Read it here.

Unspeak

Ok sorry we haven’t posted much up blah blah, we haven’t even linked properly to our Guardian front page (oh by the way did I mention we were mentioned on the front page of the Guardian?)…in the meantime here is a link to a post we missed on a great blog ‘unspeak’, which unpicks the meanings implied and constructed by political language or articles in the press. The post in question beats the hell out of an article in the Economist, which was published in September- we really should have seen this sooner and for that we are truly sorry.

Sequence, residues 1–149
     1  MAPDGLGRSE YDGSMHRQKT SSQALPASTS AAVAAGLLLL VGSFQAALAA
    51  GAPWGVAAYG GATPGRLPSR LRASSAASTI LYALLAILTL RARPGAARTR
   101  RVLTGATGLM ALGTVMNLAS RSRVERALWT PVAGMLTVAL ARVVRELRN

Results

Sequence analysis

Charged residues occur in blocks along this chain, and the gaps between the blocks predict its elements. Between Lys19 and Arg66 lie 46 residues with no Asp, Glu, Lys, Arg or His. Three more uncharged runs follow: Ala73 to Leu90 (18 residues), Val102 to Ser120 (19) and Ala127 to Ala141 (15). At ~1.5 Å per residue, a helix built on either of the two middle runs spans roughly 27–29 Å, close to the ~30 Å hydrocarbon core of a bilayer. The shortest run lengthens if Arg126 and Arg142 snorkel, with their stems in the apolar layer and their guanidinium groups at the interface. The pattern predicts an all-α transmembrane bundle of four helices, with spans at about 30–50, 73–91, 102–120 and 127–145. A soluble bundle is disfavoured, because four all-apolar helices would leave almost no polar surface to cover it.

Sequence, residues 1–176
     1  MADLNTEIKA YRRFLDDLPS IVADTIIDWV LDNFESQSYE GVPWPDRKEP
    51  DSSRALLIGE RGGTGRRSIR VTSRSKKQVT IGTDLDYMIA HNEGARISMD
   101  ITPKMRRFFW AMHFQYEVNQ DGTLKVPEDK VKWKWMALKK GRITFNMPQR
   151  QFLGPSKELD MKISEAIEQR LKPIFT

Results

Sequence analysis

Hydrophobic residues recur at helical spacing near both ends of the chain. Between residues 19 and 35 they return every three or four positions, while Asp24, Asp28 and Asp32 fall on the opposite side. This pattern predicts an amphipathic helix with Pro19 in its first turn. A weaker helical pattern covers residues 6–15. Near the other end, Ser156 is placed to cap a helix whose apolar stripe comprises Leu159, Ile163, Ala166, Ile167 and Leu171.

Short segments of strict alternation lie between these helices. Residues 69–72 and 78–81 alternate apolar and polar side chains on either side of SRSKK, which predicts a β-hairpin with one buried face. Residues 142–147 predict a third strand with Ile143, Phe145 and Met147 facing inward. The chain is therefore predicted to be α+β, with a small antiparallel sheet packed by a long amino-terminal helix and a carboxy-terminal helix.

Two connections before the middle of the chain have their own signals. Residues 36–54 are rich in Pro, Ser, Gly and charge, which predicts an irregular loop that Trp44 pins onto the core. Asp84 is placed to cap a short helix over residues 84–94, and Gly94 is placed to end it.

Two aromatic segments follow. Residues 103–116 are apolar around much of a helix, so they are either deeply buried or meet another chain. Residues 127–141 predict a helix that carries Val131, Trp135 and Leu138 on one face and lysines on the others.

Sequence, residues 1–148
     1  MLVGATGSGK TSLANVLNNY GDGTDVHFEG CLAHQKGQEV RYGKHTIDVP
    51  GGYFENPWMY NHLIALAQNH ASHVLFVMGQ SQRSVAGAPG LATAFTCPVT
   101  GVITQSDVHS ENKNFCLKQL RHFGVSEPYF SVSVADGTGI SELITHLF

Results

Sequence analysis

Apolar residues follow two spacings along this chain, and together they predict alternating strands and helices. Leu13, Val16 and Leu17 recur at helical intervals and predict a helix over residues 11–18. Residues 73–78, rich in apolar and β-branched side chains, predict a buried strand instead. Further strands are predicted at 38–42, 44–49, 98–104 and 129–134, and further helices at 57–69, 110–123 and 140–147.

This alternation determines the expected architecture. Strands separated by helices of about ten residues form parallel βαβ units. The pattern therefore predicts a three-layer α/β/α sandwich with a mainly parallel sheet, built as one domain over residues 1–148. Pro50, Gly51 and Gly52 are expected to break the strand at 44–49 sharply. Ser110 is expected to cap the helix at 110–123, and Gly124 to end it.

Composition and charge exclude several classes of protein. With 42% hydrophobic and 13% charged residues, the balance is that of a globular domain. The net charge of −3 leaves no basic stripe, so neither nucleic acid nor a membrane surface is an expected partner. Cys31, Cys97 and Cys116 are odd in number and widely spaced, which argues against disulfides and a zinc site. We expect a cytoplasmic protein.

Interns Anonymous

We want this website to be a forum for interns to share their experiences and discuss the ethics of unpaid employment. Most importantly, we want this site to be a place where YOU can tell us your story.

Disclaimer

Interns Anonymous accept no responsibility for the contents of the blog, comments or any other content on this site that is posted or provided by third parties. This website is designed to act as a forum for interns to share experiences and opinions about their work, therefore, we will not censor opinions we do not agree with. The opinions stated in blog contributions do not represent those of Interns Anonymous. We disclaim all liability for such content to the fullest extent permitted by law. If you have any queries please email us.